Education and Senior Outreach

Investigating History

“The students and teachers loved how the program made history come to life. The presenter was interesting and engaging. The students greatly enjoyed the artifacts that were shared. This is our second year experiencing the Investigating History program and we hope to have many more years to come.”

Michele Cobb, Assistant Principal, Lee Antonello Elementary School

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Imagine closely examining postcards from the Prohibition Era, discovering the tricks to staying cool in Las Vegas before air conditioning, or analyzing fingerprints just like a crime scene investigator. Students can do that and more, right in the classroom.

Trained Museum educators travel to schools with historical objects and activities to deliver hands-on, standards-based presentations. Students use Common Core-aligned strategies to interpret primary sources and enrich traditional social studies and science curriculum.

Presentations are 50 minutes with pre- and post-visit materials available for teachers. Additional information on the standards addressed by individual presentations available upon request.

Investigating History was awarded the city of Las Vegas Historic Preservation Commission’s Preservation Education award for 2016. The award recognizes The Mob Museum for going to extraordinary efforts in promoting, preserving and educating the public regarding Las Vegas history.

For more information, please contact Claire White at 702-724-8629 or For information on pricing, please click here.

The creation of this program was generously funded by the Las Vegas Centennial Commission. Additional support in 2017 provided by East West Bank and Union Pacific Foundation enables the Museum to provide free presentations to underserved schools in our community.


Lesson plans include:Desert Water Bag1

Building a Community in the Desert (Grades 2-7)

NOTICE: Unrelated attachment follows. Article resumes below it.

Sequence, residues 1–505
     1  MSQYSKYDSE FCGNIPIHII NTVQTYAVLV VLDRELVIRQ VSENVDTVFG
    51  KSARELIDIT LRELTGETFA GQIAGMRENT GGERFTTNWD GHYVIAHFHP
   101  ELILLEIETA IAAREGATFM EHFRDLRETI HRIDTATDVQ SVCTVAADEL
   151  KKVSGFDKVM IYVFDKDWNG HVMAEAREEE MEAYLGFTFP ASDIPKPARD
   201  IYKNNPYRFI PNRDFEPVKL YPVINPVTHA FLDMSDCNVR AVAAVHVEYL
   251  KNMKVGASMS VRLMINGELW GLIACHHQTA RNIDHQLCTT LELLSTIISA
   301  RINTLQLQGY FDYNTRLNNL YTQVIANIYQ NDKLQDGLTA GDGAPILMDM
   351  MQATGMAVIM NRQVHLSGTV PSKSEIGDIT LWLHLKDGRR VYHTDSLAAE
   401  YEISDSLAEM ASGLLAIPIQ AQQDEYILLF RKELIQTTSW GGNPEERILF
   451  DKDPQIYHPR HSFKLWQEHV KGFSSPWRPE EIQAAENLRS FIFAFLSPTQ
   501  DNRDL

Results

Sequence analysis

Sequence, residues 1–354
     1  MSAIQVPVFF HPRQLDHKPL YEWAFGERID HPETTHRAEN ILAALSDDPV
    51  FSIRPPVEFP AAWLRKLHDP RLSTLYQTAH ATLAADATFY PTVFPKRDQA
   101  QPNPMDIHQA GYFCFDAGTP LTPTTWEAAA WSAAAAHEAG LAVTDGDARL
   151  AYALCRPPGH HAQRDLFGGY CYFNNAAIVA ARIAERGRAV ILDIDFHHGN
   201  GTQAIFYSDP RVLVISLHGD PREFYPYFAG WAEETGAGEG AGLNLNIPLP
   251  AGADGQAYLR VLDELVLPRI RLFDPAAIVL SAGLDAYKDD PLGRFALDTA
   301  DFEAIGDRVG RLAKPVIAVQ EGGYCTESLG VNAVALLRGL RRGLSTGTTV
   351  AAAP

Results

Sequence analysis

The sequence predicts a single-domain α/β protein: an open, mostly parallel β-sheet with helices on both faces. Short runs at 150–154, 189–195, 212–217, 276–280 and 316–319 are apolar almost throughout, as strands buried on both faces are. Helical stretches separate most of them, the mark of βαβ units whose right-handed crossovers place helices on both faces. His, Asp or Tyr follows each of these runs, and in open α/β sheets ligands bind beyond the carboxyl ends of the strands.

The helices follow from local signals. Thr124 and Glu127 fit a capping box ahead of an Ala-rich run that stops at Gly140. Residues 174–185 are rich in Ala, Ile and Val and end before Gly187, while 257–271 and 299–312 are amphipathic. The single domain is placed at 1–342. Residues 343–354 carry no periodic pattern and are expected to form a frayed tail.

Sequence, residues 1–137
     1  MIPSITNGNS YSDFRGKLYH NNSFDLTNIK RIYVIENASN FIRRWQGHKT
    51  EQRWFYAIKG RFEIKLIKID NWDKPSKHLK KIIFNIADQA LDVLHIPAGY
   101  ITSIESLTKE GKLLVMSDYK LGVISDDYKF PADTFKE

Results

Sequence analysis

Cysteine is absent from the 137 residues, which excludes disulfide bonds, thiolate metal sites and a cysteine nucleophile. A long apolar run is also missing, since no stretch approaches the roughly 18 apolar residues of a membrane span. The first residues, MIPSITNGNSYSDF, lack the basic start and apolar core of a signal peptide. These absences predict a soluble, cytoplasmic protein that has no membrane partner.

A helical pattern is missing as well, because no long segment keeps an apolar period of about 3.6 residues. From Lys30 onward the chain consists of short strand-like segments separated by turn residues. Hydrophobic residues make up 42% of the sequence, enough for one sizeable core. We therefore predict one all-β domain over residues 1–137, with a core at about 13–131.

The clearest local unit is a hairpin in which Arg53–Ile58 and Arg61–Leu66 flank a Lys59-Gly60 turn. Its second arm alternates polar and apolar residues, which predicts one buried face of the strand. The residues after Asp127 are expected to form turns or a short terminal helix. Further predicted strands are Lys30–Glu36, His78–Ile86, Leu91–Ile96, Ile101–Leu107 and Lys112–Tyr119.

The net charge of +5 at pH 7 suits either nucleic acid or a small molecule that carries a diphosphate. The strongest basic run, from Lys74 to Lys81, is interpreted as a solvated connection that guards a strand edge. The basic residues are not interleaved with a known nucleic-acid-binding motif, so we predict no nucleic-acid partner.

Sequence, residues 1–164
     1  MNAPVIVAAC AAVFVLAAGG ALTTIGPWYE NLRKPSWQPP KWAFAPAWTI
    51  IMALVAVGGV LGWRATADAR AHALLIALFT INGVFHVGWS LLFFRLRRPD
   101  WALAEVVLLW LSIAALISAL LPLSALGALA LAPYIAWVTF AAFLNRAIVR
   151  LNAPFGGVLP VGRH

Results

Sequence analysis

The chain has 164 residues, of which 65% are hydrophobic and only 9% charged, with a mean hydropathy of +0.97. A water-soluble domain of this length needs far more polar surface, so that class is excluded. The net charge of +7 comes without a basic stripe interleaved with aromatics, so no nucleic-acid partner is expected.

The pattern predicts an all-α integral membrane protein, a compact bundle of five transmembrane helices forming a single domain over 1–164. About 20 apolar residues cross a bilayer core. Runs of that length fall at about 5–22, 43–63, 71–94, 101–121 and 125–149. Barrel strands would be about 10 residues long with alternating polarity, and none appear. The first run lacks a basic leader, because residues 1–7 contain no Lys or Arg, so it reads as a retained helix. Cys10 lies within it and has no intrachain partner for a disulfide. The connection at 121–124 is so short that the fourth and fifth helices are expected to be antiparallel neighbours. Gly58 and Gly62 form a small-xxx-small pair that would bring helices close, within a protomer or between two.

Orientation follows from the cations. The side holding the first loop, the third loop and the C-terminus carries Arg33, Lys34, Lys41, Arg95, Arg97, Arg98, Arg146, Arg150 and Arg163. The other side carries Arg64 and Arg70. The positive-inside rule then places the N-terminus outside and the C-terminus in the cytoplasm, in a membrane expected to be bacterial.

What do you need to build a city in a desert? Students learn how a railroad created Las Vegas as educators present objects and images related to the city’s 1905 settlement and its early years as a railroad depot.
Curriculum strands: Las Vegas history

Las Vegas & the Hoover Dam (Grades 2-7)
Why is the Hoover Dam so important to Las Vegas? Students will discover why the dam was constructed and what life was like for the workers who built the dam – both on the job and in 1930s Southern Nevada.
Curriculum strands: Las Vegas history

Las Vegas through the Ages (Grades 4-12)
A crash course in Las Vegas history! Educators bring the history of Las Vegas to life through objects, images, and stories — from the earliest Paiute inhabitants to the mob’s influence to the modern suburbs and megaresorts.
Curriculum strands: Las Vegas history, organized crime

Mob-Mobile Investigation Experience (Grades 4-12)
Students experience some of the investigative technologies that have helped take down the mob—including wiretapping, video surveillance, and fingerprint and footwear analysis. Note: this presentation involves the use of The Mob Museum’s specially outfitted “Mob-Mobile.”
Curriculum strands: criminal justice, forensic science

Forensic Science and the Fingerprint (Grades 5-12)
Did you know every person has a unique set of fingerprints? Educators introduce the science and history behind fingerprinting, and students try their hand at recording and analyzing their own fingerprints.
Curriculum strands: criminal justice, forensic science

Prohibition & American Society (Grades 7-12)
Students meet some of the Prohibition era’s movers and shakers – bootleggers, flappers, mob bosses, and more, as educators present objects and documents related to American life during Prohibition and explore societal changes and the dramatic increase in crime.
Curriculum strands: U.S. history, government, organized crime

Ballistics and the St. Valentine’s Day Massacre (Grades 7-12)
Students learn about the rise of organized crime during Prohibition and examine the infamous St. Valentine’s Day Massacre in order to understand the crime’s impact on society as well as forensic science and criminal investigations. Educators show students how firearm examiners analyze and compare bullets.
Curriculum strands: U.S. history, criminal justice, forensic science, organized crime